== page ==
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Solenoid constant power supply

Discussion in 'Power Electronics' started by Diegodc, Apr 25, 2020.

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  1. Diegodc

    Diegodc

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    Apr 25, 2020
    Hi everyone!
    I had a small project out of curiosity to build a safe small solenoid (without a core) that would be continuously powered and maintain the inner magnetic field for long periods of time
    So far I have built a coil around a plastic frame with the following characteristics:
    -18 awg enamelled copper wirrer
    - 46 turns per layer
    - 4 layers
    - 1.9cm inner diameter
    - 3cm outer diameter (approx)
    - 5.3cm height

    What would be the best way to power it? I have a 12v , 2.3Ah battery available at the moment.

    I am more of a biologist, but am starting to learn the basics and it still quite complicated to me, so your help would be greatly appreciated!
     
  2. duke37

    duke37

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    Jan 9, 2011
    If my calcs are correct,
    Diam about 24mm
    Wire length 13.9 m
    Resistance 20mohm/m = 0.28 ohm
    With a resistance of about a third of an ohm, I would think that 1V would be enough. This would give a dissipation of about 10W so would get quite warm.
     
  3. Diegodc

    Diegodc

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    Apr 25, 2020
    Thank you duke37 for your fast answer.

    Would you be able to take me through your calculations please? This would help me get a better understanding of the theory.

    Does it mean that using a 1V battery would provide optimal conditions given the solenoid characteristics?
    Many thanks, DC
     
  4. duke37

    duke37

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    Jan 9, 2011
    The final calc was wrong.
    The coil is 19mm i.d. 30mm o.d. Say 24mm average
    Number of tirns 46X4
    Wire length = 46X4X24Xpi/1000 = 13.9 m.
    18 awg has 20mΩ/m
    So the resistance is 0.28Ω, say a third.

    power = VxV/R or IxV or IxIxR

    1V will give about 3A so power will be 3W not 10W as suggested before.

    12V will dissipate 12X12/0.3 = 480W.
    Your plastic former will be melted in a few seconds and your little battery could boil.

    I have no idea of the solenoid characteristics.
     
  5. Bluejets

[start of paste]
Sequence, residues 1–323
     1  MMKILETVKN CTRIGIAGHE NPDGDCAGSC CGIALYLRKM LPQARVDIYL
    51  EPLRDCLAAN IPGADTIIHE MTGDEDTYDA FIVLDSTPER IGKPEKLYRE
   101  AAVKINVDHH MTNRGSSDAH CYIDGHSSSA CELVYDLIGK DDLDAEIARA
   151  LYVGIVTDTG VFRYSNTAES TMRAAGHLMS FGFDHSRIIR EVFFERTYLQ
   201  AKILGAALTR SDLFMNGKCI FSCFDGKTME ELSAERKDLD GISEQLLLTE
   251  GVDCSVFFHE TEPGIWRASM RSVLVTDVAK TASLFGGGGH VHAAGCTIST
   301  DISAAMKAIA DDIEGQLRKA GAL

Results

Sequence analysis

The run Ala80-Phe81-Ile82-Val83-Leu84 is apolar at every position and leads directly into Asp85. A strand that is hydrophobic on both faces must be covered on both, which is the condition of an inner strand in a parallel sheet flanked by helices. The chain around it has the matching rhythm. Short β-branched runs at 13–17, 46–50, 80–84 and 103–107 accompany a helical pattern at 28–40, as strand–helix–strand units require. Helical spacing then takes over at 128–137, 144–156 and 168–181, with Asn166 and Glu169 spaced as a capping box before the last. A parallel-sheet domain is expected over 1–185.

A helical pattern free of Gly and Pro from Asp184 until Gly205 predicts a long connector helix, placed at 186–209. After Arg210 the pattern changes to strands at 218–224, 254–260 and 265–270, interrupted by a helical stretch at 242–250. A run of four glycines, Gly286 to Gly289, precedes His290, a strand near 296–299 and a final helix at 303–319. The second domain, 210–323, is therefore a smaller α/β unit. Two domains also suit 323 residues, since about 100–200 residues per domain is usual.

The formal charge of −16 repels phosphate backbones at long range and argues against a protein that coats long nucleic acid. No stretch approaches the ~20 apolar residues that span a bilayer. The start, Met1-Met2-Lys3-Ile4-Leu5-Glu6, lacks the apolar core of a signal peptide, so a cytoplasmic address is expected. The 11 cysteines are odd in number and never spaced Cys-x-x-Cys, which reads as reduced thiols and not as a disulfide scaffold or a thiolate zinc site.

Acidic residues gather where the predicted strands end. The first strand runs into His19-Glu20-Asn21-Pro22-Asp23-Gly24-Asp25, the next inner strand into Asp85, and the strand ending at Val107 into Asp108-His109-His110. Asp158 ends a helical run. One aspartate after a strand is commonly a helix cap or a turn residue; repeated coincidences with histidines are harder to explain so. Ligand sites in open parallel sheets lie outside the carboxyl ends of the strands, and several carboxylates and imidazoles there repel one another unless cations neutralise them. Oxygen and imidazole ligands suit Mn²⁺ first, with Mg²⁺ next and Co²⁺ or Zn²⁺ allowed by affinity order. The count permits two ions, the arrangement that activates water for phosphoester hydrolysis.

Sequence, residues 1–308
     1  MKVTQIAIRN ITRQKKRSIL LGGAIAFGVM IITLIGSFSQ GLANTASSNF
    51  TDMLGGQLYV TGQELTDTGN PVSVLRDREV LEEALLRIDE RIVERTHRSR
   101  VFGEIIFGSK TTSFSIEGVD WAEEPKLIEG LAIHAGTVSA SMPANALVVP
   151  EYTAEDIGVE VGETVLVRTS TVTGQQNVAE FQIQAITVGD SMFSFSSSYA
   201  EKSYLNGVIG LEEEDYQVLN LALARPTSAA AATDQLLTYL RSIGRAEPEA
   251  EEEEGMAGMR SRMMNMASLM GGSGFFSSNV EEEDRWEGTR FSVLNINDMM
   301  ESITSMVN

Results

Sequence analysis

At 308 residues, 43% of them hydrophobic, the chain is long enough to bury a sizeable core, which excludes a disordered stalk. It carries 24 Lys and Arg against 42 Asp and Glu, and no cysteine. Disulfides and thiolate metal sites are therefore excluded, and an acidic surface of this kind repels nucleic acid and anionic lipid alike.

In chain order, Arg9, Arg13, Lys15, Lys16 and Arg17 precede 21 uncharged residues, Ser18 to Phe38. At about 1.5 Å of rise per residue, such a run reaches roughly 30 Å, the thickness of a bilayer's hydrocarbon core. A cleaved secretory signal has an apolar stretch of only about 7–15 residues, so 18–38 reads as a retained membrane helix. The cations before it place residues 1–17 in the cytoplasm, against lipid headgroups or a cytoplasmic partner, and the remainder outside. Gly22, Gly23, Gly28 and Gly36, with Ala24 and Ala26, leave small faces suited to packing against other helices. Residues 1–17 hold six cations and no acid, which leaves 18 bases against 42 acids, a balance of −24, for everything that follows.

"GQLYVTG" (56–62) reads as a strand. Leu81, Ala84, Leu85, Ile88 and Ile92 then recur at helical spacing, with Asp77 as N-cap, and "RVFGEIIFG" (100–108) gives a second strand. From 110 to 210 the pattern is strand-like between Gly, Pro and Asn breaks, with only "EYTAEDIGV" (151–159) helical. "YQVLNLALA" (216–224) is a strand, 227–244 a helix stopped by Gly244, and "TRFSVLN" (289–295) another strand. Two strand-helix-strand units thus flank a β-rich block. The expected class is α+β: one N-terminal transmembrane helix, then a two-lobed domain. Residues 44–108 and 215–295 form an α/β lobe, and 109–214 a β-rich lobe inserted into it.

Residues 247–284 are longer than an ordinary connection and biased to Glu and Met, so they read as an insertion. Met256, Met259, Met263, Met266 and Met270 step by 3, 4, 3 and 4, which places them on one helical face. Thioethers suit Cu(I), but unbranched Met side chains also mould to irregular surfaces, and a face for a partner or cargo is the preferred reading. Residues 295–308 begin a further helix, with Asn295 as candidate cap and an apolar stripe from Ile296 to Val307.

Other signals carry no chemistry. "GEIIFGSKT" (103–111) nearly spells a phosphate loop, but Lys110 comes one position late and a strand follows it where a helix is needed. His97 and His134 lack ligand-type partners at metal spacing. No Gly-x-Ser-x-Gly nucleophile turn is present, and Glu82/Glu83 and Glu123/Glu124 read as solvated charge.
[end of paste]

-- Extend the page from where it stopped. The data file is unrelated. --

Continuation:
Bluejets

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    897
    Oct 5, 2014
    Probably best to use something that is already established like for example, a solenoid from an automotive central locking system.
    Would be cheap-as from a car wreckers and pretty much guaranteed to work.
    I'd tend to stay away from being continuously powered as there are very few solenoids that would not self destruct from heat build up.
    Rather, perhaps think along the lines of latch, unlatch.
     
  6. Diegodc

    Diegodc

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    Apr 25, 2020
    Thank you for the update and the formulas.
    It makes more sense to me, I will take a look at watts table, I don't have a scale in mind that would give me a reference of what is too high.
     
  7. Diegodc

    Diegodc

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    Apr 25, 2020
    Thank you, that probably raises my question of: how do you then define a solenoid that would be suitable for such an application? Or is it something too complicated to do in the first place?
     
  8. Harald Kapp

    Harald Kapp Moderator Moderator

    10,386
    2,270
    Nov 17, 2011
    Start by defining the application.
    We have no idea what you want to do with your coil. You could power it from a low voltage DC source to create a small constant magnetic field. You could also power it from a high voltaeg AC source to create a strong varying magnetic field. Or anything else.
    There are no "rules" about how to power a magnetic coil.
     
  9. Diegodc

    Diegodc

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    0
    Apr 25, 2020
    Hi Harald,
    My application is more a technical proof of concept than an actual application, start from a small scale solenoid generating a constant magnetic field to a "bigger" one generating a much stronger magnetic field (than the smaller one) that still has to be constant.
    Using the small solenoid I currently have, I could generate a small constant magnetic field following duke37 indications, calculate the strength of it. Then go for a scale up and define a bigger solenoid with its own power conditions that would be a good optimisation.

    When you say they are no "rules" about how to power a magnetic coil, it indicates that there are some guidances or experimental knowledge than can be used which is what interests me at the same time. Would you be able to provide some information about it if you have any?

    I hope it makes sense, it seems I'm asking lot of questions, sorry about that.

    Thanks
     
  10. Harald Kapp

    Harald Kapp Moderator Moderator

    10,386
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    Nov 17, 2011
    The mathematical equations describing the magnetic filed from an electromagnetic coil can be found e.g. here.
     
    duke37 likes this.
  11. Diegodc

    Diegodc

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    Apr 25, 2020
    So, given that the small scale coil resistance should be 0.28 ohm (from duke37), the current I should be 3.57A for a 1V voltage, I find a field of 0.251 Tesla.
    Am I applying it the right way?

    As there is no core, I've used the air permeability at 1.257x10^-6 Henry per meter.
    I will try to use that small scale and find a way to measure that field to compare it to the calculated value.
    Many thanks
     
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